MacArthur Foundation awards 2013 ‘genius grants’

Astrophysicist Sara Seager is named a 2013 MacArthur Fellow

Twelve US scientists number among the 24 MacArthur Fellows chosen this year by the philanthropic MacArthur Foundation, based in Chicago, Illinois. The designation honours creative and accomplished individuals in any field with strong potential for future achievements. Winners will receive ‘no-strings-attached’ awards—commonly called ‘genius grants’—worth US$625,000, paid over five years.  Read more

Obama nominates astrophysicist to lead NSF

Under Cordova's presidency, Purdue University attracted record levels of research funding.

Astrophysicist France Anne Cordova has been tapped to head the US National Science Foundation (NSF), which has been run by an acting director since March 2013. President Barack Obama announced the pick on 31 July. If confirmed, Cordova would fill the gap left by Subra Suresh, who announced his resignation in February, after serving less than half of his six-year term leading the US$7 billion agency.  Read more

Neuroscientists brainstorm goals for US brain-mapping initiative

More than 150 neuroscientists descended on Arlington, Virginia this week to begin planning the Brain Research through Advancing Innovative Neurotechnologies (BRAIN) Initiative—an ambitious but still hazy proposal to understand how the brain works by recording activity from an unprecedented numbers of neurons at once.  Read more

US budget cuts inevitable as science agencies brace for next fight

NIH

After months of anticipation and weeks of escalating political rhetoric, the axe is about to fall. At 11:59 pm tonight, US federal agencies will absorb across-the-board budget cuts — known as sequestration — to all government programs, including 5% decreases in science and other non-military operations.  Read more

US lawmakers propose easing limits on foreign scientists and engineers

America is starting to look like a more welcoming place for foreign scientists and engineers. On 29 January, a group of US senators proposed legislation to vastly increase the number of visas for skilled workers. And earlier this week, President Barack Obama and a group of lawmakers separately floated more sweeping proposals to liberalize immigration policy.  Read more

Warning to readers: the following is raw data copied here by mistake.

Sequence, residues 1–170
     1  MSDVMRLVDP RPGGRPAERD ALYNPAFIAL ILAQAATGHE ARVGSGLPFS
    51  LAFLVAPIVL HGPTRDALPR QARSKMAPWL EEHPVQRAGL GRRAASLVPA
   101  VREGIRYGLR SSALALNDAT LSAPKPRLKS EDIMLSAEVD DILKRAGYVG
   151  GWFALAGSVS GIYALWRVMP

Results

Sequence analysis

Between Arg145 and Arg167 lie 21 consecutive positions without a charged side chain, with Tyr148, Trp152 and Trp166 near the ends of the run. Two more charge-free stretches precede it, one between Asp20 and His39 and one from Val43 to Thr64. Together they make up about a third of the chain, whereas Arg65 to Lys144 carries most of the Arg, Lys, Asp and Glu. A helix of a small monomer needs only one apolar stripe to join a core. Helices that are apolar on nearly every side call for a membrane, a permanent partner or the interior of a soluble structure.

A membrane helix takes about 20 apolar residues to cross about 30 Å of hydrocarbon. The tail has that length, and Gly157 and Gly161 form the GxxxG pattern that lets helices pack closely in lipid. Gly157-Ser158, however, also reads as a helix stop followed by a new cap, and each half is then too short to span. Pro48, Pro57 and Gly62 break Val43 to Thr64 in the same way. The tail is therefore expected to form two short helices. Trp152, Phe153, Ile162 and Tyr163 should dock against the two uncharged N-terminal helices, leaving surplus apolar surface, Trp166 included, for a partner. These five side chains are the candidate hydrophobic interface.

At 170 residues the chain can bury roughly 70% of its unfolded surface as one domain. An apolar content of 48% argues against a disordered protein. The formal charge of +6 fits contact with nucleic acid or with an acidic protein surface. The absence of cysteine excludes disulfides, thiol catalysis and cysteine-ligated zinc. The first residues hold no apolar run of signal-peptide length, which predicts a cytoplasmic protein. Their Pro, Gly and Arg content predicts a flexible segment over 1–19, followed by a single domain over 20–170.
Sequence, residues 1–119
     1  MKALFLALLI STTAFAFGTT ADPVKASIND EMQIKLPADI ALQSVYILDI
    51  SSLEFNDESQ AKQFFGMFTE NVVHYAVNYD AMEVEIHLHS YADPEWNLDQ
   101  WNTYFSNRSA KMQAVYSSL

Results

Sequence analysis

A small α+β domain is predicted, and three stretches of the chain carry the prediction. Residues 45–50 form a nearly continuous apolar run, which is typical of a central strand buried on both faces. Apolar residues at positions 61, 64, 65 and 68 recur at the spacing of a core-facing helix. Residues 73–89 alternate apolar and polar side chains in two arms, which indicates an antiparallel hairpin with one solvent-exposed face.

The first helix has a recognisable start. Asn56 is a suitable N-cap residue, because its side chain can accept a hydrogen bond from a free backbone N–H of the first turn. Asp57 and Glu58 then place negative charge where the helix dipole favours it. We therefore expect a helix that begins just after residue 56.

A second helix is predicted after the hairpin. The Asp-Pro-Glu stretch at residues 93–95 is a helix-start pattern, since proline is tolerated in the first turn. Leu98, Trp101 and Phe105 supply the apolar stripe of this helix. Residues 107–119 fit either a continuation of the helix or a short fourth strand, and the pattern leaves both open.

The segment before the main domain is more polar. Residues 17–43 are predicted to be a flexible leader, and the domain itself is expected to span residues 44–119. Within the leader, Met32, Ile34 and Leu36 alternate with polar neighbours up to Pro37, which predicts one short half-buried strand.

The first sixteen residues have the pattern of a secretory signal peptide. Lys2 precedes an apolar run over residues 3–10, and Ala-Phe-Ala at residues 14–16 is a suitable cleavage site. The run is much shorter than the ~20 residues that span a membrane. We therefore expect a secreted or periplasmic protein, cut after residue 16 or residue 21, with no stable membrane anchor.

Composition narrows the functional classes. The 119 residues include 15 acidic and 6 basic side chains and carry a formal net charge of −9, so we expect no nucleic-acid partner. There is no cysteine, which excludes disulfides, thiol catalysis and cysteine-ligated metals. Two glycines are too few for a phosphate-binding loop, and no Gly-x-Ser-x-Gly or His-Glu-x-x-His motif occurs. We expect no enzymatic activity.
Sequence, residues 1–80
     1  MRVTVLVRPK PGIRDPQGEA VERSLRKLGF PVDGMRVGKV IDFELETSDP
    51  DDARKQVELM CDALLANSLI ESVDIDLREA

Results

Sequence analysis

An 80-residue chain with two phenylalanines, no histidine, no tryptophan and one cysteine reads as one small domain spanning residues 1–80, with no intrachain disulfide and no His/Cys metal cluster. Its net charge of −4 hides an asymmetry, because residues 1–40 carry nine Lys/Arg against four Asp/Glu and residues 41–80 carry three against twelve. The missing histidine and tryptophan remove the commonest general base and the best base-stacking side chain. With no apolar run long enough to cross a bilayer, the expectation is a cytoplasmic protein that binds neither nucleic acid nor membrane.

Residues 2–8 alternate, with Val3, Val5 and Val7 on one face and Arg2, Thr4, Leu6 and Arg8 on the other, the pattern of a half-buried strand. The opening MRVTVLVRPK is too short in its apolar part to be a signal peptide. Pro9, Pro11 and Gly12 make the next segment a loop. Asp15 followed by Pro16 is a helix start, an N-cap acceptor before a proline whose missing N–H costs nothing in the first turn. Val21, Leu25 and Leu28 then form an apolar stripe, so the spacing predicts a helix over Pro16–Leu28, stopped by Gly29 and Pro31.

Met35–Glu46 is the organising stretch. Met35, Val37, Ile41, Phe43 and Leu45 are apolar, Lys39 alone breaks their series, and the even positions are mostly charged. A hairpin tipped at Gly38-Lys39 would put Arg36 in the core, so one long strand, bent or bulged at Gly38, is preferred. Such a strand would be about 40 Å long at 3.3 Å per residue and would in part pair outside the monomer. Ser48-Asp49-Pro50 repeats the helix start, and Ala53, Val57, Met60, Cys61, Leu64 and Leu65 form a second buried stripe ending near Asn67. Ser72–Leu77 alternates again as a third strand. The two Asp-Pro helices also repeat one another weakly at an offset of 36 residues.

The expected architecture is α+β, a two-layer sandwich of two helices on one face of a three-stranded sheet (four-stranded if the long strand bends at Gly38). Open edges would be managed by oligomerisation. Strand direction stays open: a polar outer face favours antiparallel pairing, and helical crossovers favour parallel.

Now, where did I put that Ebola?

Report suggests high compliance with regulations on research involving Ebola and other dangerous pathogens.

In the first study of its kind, the US Centers for Disease Control and Prevention unveiled statistics on problems related to the handling of hazardous biological agents, such as Ebola, SARS, and anthrax, at hundreds of academic and government research centres.  Read more

Hurricane Sandy relief bill clears first barrier, stirs debate

Hurricane Sandy relief bill clears first barrier, stirs debate

The US House of Representatives on 15 January passed the second and third installments of a piecemeal Hurricane Sandy disaster relief plan, adding about $50 billion to $9.7 billion in flood insurance funds that were authorised on 4 January.  Read more

Fish biologists claim political interference over salmon studies

Fish biologists claim political interference over salmon studies

Seven US  fisheries scientists have raised a formal complaint claiming that a supervisor threatened to eliminate their research division after the team produced controversial model predictions of survival and recovery of the threatened coho salmon (Oncorhynchus kisutch) in the Klamath River Basin in Oregon.  Read more

NIH sends chimps to sanctuary with help from animal activists

Chimpanzees at the New Iberia Research Center in Louisiana will soon have a new home.

In the latest step toward shrinking chimpanzee research in the US, the National Institutes of Health (NIH) announced on 18 December a plan to retire its stock of 113 research animals from the New Iberia Research Center (NIRC) in Louisiana to Chimp Haven, a federally funded sanctuary in Keithsville, Louisiana.  Read more